Stocks fell Friday and retreated from record highs as a spike in coronavirus infections and the possibility of stricter lockdowns dampened expectations of more economic support from the Biden administration.
The S&P 500 and Nasdaq set record closing highs Thursday amid optimism over additional stimulus and solid corporate earnings.
But Wall Street turned cautious Friday with investors realizing it may take longer to get back to business as usual as infection numbers across the globe flare.
The Dow Jones Industrial Average dropped 184 points, or 0.59%, to 30,991 on Friday, the S&P 500 fell 0.29% and the Nasdaq declined 0.05%.
Shares of Intel (INTC) – Get Report were falling after the chipmaker posted fourth-quarter earnings and an outlook higher than Wall Street estimates but said it plans to manufacture most chips internally by 2023.
Many investors, including activist Dan Loeb, have suggested that Intel consider spinning off its manufacturing business.
International Business Machines (IBM) – Get Report was falling sharply Friday after the computer giant’s earnings beat Wall Street estimates but revenue came up short.
Revenue at IBM fell for a fourth straight quarter and sales for the year declined 4.6%.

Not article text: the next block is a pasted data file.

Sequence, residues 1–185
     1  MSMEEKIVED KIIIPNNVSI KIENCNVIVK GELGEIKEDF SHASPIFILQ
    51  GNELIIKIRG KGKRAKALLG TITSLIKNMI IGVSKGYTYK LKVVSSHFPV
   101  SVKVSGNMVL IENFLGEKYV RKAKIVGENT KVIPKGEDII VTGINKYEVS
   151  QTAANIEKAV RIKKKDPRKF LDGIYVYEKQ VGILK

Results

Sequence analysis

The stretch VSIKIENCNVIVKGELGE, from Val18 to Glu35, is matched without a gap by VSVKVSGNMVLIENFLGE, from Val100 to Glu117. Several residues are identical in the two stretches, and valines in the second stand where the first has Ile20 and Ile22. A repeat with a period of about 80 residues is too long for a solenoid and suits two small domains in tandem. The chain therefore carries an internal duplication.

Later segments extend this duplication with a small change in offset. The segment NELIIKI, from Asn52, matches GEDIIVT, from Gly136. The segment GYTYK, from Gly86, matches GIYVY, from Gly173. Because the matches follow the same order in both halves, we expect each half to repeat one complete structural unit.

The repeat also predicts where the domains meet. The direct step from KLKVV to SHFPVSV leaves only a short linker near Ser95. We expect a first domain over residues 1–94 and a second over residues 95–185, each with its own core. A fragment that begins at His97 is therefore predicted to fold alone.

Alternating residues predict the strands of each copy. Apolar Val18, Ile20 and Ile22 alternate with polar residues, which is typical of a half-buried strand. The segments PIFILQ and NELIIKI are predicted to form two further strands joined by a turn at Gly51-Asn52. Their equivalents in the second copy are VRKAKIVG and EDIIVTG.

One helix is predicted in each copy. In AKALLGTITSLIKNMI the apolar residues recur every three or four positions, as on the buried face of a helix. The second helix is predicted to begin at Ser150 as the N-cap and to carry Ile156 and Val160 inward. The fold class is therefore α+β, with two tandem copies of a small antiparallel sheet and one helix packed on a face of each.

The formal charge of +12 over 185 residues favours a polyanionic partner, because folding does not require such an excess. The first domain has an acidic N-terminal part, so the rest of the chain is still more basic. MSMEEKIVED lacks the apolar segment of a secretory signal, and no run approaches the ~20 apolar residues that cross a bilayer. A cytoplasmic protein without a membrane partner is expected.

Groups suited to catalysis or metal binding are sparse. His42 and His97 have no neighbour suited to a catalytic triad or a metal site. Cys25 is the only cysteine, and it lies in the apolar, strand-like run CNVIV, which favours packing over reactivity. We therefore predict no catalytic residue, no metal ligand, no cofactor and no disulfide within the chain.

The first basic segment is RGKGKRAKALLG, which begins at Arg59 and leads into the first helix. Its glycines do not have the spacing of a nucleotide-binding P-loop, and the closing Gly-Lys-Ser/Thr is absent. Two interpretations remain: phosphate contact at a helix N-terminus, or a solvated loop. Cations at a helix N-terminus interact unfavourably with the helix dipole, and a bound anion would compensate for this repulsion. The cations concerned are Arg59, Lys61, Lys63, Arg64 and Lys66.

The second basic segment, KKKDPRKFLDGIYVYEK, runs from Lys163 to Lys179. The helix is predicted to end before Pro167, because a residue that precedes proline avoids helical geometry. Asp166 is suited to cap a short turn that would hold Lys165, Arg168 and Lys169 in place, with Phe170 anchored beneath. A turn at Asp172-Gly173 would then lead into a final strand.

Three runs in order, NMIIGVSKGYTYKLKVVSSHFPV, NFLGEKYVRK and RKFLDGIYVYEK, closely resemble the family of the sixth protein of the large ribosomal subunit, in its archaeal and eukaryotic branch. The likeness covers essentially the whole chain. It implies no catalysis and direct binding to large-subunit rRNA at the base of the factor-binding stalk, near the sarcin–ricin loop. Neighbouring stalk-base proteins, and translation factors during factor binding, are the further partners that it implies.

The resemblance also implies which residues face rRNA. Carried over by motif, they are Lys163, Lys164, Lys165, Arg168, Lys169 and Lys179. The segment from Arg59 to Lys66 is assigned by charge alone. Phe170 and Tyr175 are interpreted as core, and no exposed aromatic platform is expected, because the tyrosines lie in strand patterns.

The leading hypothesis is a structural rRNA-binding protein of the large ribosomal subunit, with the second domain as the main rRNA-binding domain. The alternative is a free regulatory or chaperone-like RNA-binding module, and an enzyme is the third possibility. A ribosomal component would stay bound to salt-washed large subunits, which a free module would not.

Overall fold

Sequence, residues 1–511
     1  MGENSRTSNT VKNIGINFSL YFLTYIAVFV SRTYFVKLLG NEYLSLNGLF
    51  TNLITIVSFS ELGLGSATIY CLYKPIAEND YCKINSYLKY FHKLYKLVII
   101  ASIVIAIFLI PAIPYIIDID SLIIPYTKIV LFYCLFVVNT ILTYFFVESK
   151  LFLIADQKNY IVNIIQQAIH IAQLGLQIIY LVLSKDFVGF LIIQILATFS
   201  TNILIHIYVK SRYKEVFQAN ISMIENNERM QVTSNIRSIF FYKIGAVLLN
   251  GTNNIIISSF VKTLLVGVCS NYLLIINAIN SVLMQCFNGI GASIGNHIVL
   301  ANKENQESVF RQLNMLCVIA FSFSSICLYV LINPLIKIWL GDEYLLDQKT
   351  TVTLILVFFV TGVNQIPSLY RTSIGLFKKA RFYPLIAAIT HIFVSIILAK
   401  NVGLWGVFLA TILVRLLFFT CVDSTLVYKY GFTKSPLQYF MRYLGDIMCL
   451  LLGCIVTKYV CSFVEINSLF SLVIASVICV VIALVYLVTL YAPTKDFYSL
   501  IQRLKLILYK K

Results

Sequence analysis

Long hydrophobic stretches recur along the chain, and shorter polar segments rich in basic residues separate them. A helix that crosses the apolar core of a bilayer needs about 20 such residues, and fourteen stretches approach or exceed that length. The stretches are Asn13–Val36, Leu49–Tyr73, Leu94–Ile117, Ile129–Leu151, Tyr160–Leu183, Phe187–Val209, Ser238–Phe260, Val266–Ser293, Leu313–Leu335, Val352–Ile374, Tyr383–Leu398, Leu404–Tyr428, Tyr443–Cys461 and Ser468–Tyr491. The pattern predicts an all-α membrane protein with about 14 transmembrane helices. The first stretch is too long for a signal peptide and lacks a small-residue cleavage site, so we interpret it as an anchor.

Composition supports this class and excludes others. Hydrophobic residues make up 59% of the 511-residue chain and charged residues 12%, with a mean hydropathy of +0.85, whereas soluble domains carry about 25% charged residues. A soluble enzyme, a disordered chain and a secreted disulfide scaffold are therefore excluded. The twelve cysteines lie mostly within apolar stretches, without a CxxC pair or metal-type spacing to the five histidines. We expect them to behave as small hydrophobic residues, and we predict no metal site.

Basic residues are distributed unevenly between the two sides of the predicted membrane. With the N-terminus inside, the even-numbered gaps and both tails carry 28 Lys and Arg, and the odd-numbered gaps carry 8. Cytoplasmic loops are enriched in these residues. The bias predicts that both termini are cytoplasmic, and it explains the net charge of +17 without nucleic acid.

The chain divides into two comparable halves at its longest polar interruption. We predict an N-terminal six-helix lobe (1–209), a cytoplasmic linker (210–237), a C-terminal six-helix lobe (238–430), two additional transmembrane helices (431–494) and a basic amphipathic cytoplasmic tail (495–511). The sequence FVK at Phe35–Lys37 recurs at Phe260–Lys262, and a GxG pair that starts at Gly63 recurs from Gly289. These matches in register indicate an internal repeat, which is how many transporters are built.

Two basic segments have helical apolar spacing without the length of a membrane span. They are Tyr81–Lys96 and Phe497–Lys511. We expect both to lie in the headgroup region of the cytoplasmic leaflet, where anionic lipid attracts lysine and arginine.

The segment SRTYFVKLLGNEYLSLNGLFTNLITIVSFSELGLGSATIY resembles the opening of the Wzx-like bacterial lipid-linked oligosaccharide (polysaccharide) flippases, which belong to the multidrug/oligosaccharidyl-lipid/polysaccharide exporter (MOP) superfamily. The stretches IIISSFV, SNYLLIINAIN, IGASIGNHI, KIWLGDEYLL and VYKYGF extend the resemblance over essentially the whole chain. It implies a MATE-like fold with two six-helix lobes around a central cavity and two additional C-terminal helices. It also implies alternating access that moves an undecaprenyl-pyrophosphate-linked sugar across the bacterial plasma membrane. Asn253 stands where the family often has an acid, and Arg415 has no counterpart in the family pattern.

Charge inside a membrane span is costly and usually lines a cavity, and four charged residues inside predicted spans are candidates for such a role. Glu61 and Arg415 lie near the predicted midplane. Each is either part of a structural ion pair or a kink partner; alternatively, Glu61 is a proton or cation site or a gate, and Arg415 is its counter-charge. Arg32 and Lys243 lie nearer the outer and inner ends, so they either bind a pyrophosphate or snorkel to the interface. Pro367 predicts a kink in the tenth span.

President Joe Biden, who has been pushing a $1.9 trillion Covid-19 relief package that includes direct stimulus payments to Americans, enhanced jobless benefits and funds for vaccine deployment, unveiled a national strategy to tackle the virus.
Biden’s plan starts with a national vaccination campaign to meet the new administration’s goal of immunizing 100 million people during the president’s first 100 days in office.
He also signed executive orders that call for masks to be worn in airports, trains, planes, ships and intercity buses. The president predicted that the national death toll from Covid-19 would top 500,000 next month.
“Our national strategy is comprehensive, it’s based on science, not politics. It’s based on truth, not denial, and it’s detailed,” Biden said Thursday at the White House.
Stocks in Europe tumbled Friday after leaders there warned that new strains of the virus could lead to longer and stricter lockdowns and manufacturing activity slowed.